HARVARD -- Eleven local Little Leaguers are looking to fulfill a dream that many have, but few ever accomplish. The Harvard Hit Dogs are a team of ball players from local towns who are looking to make it to the baseball mecca of Cooperstown, N.Y., to compete in a Little League tournament with teams from as far west as California.
There is a bit of a twist, however, to the field of play the Hit Dogs will be playing on. The diamond is 50 feet by 70 feet in comparison to the Bromfield High School diamond on Pond Road in Harvard, which is similar to the dimensions of collegiate and professional fields.
The Hit Dogs are part of a new wave of Harvard ball players who are eager to put their town on the map. Seven players call Harvard home, and they are very select group of players, according to Harvard Youth Baseball Association President Darren Magan.
"The seven Harvard kids are a very special group that we have been nurturing in the Little League program," said Magan. "Harvard has had a high school program that I can't say is where it should be. A group of dads and myself have spent and nurtured these boys and tried to give these boys as much baseball as possible."
The Hit Dogs are asking that residents throw them a bone, so to speak, in the form of a $20 donation. Tomorrow, the team will be at Billiards Café on 39 Main St. from 7 p.m. to midnight in Ayer for a fundraiser event.
Signed sports memorabilia from some of New England's greatest athletes will be available for bid in a silent auction, with 70 percent of the proceeds being donated to the Hit Dogs.
A Carl Yaztremski signed Hall of Fame bat is just one of the many items available for bid. If a bat signed by Yaz isn't your thing, and a day on the links is, a foursome tee-time package at Wedgewood Pines Country Club is among the various articles being auctioned off.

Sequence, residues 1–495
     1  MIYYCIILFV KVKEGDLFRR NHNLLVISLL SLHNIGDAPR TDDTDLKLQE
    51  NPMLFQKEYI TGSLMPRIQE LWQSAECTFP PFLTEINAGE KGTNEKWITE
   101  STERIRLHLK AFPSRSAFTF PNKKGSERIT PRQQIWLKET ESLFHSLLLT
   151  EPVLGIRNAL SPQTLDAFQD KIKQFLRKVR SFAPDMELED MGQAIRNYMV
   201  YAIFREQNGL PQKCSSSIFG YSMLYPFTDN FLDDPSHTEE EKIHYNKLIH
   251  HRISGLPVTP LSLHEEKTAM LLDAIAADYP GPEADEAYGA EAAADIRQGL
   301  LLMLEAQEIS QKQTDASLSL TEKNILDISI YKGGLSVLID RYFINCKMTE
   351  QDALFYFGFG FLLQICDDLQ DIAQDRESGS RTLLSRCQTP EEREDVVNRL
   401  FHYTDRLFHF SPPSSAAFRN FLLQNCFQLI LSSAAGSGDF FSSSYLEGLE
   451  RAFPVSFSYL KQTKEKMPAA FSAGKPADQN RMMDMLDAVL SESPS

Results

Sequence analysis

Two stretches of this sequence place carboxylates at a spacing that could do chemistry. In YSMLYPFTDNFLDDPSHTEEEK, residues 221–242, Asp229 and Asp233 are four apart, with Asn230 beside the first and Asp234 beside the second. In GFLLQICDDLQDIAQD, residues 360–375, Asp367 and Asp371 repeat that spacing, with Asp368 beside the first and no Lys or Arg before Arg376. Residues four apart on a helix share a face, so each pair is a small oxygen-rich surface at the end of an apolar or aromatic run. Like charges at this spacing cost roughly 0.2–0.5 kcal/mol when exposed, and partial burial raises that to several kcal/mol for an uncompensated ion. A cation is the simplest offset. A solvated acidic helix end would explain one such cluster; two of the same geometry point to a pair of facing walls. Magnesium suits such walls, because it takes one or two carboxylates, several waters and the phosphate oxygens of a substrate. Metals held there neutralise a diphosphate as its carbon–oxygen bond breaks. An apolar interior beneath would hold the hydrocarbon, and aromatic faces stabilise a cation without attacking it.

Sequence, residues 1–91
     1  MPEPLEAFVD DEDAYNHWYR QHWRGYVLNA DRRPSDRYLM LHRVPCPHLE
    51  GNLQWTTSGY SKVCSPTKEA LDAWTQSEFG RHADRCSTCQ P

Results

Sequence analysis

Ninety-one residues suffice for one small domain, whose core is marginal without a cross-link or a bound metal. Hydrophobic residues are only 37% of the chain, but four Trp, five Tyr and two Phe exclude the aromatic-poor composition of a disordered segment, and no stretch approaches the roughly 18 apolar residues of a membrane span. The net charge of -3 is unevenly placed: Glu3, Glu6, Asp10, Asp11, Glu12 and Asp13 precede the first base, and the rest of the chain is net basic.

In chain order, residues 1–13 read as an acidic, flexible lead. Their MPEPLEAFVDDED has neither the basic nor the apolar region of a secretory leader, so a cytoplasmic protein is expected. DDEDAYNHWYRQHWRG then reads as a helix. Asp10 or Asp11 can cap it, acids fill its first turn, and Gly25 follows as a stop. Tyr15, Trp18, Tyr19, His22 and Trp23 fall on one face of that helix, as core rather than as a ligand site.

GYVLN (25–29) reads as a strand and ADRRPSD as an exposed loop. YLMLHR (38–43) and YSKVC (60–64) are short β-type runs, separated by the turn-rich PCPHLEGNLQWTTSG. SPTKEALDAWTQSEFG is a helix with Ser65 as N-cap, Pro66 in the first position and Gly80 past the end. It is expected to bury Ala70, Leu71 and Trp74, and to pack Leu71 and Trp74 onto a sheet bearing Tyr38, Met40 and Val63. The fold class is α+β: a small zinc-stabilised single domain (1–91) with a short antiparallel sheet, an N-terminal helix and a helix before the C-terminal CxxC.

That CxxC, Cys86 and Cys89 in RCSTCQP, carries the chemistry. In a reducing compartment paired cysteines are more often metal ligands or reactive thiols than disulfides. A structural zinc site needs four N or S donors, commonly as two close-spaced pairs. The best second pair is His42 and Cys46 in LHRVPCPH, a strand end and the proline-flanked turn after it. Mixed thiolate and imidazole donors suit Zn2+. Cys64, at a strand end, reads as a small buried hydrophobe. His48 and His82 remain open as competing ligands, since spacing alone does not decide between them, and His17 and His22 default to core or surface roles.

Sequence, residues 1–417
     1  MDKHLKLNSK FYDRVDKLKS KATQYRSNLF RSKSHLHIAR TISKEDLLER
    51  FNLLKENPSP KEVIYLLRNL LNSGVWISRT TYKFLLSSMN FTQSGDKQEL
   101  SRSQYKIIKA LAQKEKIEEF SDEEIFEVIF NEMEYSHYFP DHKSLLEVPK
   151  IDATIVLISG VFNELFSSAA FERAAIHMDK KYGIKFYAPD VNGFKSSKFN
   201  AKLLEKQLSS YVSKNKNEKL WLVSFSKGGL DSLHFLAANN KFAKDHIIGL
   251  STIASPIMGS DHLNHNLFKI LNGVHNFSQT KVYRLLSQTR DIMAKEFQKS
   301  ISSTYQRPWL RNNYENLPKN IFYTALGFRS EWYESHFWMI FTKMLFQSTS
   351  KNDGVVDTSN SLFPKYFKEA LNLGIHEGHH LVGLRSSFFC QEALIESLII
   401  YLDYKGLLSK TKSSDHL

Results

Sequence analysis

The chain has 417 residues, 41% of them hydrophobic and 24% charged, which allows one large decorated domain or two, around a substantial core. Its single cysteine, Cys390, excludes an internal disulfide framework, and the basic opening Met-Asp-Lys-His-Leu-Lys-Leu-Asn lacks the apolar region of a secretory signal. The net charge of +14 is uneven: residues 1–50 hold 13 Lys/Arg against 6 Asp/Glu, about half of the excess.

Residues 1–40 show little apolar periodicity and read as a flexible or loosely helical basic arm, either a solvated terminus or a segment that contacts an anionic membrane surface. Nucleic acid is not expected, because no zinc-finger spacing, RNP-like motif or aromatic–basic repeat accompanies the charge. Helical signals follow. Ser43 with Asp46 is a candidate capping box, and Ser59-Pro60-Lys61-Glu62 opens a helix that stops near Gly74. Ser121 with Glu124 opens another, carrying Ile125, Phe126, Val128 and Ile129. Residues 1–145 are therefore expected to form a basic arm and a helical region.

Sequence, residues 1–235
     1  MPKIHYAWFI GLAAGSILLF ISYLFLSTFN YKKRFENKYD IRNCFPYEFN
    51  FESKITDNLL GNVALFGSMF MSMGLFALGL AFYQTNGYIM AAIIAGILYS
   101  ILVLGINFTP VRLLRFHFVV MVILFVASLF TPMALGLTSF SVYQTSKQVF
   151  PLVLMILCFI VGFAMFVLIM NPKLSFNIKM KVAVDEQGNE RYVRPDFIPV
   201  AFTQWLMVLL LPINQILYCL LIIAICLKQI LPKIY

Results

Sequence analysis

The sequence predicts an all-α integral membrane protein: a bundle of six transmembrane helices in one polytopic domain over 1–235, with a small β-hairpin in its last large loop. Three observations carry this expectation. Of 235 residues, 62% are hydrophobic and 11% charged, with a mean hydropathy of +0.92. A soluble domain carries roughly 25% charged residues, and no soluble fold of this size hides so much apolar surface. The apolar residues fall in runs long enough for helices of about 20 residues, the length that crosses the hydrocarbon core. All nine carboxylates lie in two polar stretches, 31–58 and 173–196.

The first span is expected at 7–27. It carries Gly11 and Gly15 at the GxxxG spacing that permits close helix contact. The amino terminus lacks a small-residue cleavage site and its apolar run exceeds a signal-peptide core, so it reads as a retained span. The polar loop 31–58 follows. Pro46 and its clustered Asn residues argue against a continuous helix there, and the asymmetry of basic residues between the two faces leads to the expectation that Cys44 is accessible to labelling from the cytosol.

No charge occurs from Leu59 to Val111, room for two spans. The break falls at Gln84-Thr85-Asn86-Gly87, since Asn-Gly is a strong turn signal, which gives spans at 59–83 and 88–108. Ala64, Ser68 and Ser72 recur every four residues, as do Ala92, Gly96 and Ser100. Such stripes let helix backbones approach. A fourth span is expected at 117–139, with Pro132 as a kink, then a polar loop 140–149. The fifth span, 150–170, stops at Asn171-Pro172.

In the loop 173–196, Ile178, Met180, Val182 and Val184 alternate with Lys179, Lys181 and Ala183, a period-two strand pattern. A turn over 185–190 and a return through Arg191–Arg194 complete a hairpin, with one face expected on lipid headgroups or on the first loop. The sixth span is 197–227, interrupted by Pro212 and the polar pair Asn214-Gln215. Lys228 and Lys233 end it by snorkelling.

Children and families are welcome to attend from 7 to 9 p.m. and meet with the new Bromfield varsity baseball coaches, head coach Fred McDonald and pitching coach Mike Depietro.
The Hit Dogs are looking to raise approximately $15,000 to send all the coaches and players to Cooperstown in August for the tournament. Harvard would be given at least six games, and if they qualify for the championship bracket, the number of games will increase.
It's Cooperstown or bust, and these young athletes are poised to play America's pastime with some of the top youth players in the United States. Overall, it will cost $1,000 per player and coach to cover room and board, team uniforms and admission to the Hall of Fame museum.
The Hit Dogs are part of a new trend in Harvard Youth Baseball, which sees them either practicing or competing in games year round. Magan believes that the event is about much more than just playing baseball.
"We feel that if we expose them to top talent from around the country that they're really going to enjoy this sport and stay with it," said Magan. "It is going to be a weeklong experience of becoming better teammates. At the end of the day, the lesson is that you have to earn the right to go, and the kids are going to get to goof around with the ultimate goal of going to Cooperstown."
The Harvard Hit Dogs coaches and the Bromfield varsity coaches, look to build a better future for Trojans' baseball.
Magan cited lacrosse as baseball's number one competition.